Florida Federal Court Allows The EEOC To Expand Its Lawsuit Based On The Joint Employer Doctrine

By Gerald L. Maatman, Jr. and Christian J. Palacios

Duane Morris Takeaways:  In EEOC v. Princess Martha, LLC, et al., Case No. 8:22-CV-2182, 2023 U.S. Dist. LEXIS 219651 (M.D. Fla. Dec. 11, 2023), Judge Charlene Honeywell of the U.S. District Court for the Middle District of Florida ruled that a real estate acquisition firm could not avoid a disability discrimination suit filed by the EEOC, despite the fact that the real estate firm was not named in the original charge of discrimination. The EEOC initially only sent two of the three defendants the operative charge of discrimination, but throughout the course of the investigation the Commission discovered that the real estate acquisition firm was a joint employer, and subsequently sent the real estate firm notice and amended its complaint accordingly. This case illustrates the dangers of joint employer liability for highly integrated corporate entities, and the judicial latitude the EEOC is often afforded to amend its complaints after charging a named party.


In August of 2021, a woman was offered a job at Princess Martha, a Florida retirement community, but her job offer was rescinded after she failed a drug test on account of the medications she took to treat her Post Traumatic Stress Disorder. She promptly filed a charge of discrimination with the EEOC alleging Princess Martha’s hiring practices violated the Americans with Disabilities Act of 1990.

The EEOC sent Princess Martha notice of the charge on November 23, 2021. During the course of its investigation the Commission determined that Princess Martha had a joint employer relationship with TJM Properties, whom it sent notice to on May 26, 2022. After determining that TJM Properties and Princess Martha violated the ADA, and after an unsuccessful conciliation attempt, the EEOC filed a lawsuit against both TJM Properties and Princess Martha on September 21, 2022. The Commission subsequently amended its complaint by adding TJM Property Management to the suit, alleging TJM Property Management received proper notice of the lawsuit because of its interrelated relationship as a single or integrated enterprise and/or joint employer status with the other defendants.

TJM Properties and TJM Property Management moved to dismiss the lawsuit on two grounds: First they argued that the EEOC had failed to exhaust its administrative remedies, including adequately putting the TJM entities on notice and giving them the opportunity to conciliate. Second, they argued that the EEOC’s complaint failed to establish a single/integrated enterprise or joint employer relationship existed between the TJM entities and Princess Martha.

The Court’s Ruling

In ruling in favor of the EEOC, the Court made short work of the defendants’ first argument. TJM Properties participated in the conciliation process and was explicitly notified by the Commission that it was a joint employer to Princess Martha. TJM Property Management similarly received notice due to its interrelated nature with the other defendants, and the TJM entities shared a principal place of business and the same mailing address. Furthermore, the Court pointed to an agreement existed between the defendants that required TJM Property Management to assist in coordinating legal matters with Princess Martha.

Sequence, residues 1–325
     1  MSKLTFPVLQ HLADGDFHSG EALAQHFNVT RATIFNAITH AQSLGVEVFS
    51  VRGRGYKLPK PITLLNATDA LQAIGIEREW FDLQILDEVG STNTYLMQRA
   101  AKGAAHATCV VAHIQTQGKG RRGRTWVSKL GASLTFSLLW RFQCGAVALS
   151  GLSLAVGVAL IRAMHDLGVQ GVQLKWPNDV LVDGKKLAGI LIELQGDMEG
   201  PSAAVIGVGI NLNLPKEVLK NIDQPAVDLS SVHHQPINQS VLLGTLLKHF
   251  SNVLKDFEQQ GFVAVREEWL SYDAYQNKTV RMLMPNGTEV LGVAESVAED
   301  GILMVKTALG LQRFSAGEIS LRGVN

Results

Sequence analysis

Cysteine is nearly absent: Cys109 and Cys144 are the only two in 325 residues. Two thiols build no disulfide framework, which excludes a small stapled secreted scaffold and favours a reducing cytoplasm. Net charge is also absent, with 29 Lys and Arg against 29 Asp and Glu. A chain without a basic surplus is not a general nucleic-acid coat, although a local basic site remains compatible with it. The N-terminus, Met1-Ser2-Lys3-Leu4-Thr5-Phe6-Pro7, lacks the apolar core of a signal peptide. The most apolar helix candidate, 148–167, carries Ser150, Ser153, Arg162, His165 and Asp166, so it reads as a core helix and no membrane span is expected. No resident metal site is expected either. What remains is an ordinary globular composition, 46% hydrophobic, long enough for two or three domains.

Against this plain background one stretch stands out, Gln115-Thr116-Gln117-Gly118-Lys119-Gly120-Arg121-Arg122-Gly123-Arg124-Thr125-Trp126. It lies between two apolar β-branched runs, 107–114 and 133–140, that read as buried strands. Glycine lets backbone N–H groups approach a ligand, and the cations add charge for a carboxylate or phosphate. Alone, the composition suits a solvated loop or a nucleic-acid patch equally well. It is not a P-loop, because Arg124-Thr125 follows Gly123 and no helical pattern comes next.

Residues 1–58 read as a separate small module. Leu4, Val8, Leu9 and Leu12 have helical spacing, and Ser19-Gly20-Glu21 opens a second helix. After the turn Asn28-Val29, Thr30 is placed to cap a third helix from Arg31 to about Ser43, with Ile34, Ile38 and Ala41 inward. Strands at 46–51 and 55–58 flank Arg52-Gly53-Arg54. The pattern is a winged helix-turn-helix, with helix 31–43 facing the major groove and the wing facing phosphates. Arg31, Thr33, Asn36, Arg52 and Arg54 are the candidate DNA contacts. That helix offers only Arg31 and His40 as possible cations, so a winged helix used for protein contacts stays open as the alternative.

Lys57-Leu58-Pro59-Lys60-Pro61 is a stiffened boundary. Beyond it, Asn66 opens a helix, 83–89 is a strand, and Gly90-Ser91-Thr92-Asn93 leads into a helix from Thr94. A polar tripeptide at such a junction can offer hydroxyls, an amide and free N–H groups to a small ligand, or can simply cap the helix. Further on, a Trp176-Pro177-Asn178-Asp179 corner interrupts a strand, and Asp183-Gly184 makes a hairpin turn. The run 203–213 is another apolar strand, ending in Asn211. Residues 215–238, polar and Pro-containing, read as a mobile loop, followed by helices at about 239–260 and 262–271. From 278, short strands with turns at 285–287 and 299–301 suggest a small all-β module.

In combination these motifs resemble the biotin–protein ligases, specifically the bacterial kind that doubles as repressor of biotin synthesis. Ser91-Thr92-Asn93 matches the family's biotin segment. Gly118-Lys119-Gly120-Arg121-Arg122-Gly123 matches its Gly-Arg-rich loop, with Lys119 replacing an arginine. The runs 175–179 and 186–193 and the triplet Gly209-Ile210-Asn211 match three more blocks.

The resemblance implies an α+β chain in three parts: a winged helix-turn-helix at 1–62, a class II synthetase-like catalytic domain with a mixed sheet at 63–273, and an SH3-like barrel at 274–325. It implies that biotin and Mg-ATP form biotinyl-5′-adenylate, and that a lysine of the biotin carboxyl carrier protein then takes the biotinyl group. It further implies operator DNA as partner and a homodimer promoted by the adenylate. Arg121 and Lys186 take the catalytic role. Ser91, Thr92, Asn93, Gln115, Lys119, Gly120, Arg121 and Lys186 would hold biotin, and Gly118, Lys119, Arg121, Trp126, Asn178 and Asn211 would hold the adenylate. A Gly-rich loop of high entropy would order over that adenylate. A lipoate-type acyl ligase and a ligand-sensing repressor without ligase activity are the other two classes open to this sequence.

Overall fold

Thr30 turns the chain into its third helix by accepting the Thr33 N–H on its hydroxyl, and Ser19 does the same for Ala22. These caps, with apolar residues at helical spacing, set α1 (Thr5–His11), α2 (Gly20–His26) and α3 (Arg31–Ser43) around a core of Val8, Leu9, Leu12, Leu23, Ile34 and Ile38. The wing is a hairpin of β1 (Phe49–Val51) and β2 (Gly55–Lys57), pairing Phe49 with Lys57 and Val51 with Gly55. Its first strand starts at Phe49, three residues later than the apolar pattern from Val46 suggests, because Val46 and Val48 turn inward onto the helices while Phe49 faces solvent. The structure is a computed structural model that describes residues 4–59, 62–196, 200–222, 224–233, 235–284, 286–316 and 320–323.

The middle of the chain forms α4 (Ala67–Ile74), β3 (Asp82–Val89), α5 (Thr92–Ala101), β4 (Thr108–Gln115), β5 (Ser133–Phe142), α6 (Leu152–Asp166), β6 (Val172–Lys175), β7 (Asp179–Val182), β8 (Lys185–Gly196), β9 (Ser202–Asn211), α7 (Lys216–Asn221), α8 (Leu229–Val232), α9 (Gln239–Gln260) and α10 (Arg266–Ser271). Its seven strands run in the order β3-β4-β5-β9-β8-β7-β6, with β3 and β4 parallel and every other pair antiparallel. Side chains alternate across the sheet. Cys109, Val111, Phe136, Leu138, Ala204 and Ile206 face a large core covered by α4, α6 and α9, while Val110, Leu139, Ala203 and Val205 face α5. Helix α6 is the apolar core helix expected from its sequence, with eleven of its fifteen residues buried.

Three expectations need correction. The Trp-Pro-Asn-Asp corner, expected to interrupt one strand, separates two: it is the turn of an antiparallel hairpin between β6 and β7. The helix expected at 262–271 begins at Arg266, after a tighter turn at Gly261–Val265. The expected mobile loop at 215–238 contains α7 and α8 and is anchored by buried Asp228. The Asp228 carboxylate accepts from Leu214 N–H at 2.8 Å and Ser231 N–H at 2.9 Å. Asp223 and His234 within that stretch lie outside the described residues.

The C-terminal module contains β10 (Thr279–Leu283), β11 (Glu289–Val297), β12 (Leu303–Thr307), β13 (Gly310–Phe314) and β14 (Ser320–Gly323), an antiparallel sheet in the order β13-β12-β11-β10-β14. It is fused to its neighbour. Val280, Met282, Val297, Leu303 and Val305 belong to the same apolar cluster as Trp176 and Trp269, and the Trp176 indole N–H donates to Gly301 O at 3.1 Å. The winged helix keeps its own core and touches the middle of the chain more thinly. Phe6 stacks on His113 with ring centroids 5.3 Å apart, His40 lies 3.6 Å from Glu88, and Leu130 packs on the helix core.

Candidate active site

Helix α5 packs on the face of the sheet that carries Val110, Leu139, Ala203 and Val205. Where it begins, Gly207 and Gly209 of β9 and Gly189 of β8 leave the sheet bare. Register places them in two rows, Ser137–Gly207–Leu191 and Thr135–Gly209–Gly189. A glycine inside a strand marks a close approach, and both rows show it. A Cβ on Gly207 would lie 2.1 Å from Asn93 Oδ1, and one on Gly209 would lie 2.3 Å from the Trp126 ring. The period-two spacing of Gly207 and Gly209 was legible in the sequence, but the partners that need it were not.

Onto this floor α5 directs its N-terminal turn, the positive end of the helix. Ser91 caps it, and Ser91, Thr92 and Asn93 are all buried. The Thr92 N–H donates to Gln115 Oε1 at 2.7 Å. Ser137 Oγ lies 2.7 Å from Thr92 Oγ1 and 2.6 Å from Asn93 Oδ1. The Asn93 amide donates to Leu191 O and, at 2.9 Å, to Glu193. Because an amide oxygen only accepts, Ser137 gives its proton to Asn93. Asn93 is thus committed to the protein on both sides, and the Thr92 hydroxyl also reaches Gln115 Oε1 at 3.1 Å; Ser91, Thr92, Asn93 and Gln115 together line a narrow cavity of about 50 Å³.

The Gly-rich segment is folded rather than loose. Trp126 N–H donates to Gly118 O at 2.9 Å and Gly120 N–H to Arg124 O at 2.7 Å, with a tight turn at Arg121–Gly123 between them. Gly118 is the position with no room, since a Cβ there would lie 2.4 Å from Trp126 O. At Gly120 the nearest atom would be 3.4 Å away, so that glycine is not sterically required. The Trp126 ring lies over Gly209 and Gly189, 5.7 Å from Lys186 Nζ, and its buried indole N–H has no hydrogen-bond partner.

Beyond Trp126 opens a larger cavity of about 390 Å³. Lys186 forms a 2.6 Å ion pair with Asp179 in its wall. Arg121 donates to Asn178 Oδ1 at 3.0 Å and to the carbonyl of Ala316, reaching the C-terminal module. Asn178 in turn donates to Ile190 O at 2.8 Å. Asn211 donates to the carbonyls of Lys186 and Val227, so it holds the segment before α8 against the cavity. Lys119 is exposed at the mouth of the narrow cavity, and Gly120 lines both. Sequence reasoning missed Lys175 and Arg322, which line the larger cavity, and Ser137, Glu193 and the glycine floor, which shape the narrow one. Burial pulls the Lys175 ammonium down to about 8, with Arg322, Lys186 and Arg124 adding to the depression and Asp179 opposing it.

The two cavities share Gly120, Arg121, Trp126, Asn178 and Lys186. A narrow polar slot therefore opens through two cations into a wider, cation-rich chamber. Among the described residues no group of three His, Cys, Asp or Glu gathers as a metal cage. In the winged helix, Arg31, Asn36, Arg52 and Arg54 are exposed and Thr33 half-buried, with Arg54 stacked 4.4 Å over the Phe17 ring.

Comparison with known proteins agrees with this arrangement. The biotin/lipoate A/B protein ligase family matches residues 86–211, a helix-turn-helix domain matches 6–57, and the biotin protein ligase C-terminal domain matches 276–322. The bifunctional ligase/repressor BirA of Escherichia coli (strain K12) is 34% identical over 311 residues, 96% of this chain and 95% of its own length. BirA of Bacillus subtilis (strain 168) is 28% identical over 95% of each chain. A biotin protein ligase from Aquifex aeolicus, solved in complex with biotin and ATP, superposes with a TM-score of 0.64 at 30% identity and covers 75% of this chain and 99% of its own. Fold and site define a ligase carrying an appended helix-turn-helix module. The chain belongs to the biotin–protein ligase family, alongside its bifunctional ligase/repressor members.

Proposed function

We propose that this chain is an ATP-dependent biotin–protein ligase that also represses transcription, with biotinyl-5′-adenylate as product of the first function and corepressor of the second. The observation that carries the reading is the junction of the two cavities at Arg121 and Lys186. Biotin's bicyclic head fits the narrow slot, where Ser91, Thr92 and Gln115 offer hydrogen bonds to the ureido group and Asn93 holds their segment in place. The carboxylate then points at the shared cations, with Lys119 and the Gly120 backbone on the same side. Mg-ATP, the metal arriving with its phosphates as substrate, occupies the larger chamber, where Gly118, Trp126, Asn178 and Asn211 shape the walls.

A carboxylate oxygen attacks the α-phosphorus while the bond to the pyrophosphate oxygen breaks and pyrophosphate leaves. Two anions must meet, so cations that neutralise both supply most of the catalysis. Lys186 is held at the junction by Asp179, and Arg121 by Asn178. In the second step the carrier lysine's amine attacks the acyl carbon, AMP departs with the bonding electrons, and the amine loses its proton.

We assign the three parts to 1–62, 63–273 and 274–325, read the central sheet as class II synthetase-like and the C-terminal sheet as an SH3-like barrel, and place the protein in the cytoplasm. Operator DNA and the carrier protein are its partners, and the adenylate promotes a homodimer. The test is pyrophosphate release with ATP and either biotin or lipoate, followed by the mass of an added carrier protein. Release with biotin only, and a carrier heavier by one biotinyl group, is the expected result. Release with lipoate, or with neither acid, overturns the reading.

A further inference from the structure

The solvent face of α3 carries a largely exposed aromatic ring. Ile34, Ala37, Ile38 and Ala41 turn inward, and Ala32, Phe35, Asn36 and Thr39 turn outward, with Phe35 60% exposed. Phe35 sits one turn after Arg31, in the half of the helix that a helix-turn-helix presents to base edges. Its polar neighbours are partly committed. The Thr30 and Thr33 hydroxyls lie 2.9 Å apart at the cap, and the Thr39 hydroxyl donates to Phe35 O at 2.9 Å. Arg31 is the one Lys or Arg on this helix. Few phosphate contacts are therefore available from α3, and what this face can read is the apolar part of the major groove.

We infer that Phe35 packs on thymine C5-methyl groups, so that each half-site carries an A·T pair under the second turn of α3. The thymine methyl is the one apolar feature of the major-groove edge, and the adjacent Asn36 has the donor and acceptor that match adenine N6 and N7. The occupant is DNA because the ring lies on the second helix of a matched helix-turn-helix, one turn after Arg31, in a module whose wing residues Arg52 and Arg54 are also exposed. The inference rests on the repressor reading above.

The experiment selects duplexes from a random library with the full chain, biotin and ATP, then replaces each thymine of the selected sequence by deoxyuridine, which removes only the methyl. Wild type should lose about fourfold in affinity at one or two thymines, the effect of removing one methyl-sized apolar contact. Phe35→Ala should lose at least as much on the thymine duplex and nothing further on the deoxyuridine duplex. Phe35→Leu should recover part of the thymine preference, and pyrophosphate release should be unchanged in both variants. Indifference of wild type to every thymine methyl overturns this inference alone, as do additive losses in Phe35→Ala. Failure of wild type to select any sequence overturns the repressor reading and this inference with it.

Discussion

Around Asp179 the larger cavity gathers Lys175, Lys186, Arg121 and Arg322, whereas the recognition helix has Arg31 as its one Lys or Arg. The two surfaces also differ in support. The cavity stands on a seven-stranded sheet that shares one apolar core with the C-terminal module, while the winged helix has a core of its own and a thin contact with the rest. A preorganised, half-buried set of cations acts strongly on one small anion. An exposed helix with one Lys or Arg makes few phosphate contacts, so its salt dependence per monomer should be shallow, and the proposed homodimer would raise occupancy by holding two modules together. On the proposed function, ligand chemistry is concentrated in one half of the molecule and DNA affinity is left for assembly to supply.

With respect to the defendants’ second argument, the Court noted that typically only parties named in EEOC charges could be charged in suits, but courts used a five-factor test to determine whether a non-named party could be sued. Applying the factors to the case, the Court determined that all three defendants were “highly integrated.” Id. at * 8. All three entities shared a mailing address, and the managing members of Princess Martha were also active in the management of TJM. Additionally, the human resources director for Princess Martha was a TJM Properties employee, and all three entities shared a common owner. Because of this, the Court concluded that despite the fact that the EEOC had not named TJM Property Management in the original suit, the highly integrated nature of the defendants made the Commission’s amended complaint appropriate.

Implications For Employers

As the ruling in EEOC v. Princess Martha, LLC illustrates, many courts are reluctant to strictly interpret an EEOC complaint, and the Commission can likely amend its lawsuit if, during the course of its investigation, it discovers that named defendants have highly integrated relationships with non-named entities. Therefore, companies with closely adjacent corporate affiliates should take extra care if they receive a charge of discrimination from the EEOC, as the Commission may later amend its complaint to include a non-named corporate entity.

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The opinions expressed on this blog are those of the author and are not to be construed as legal advice.

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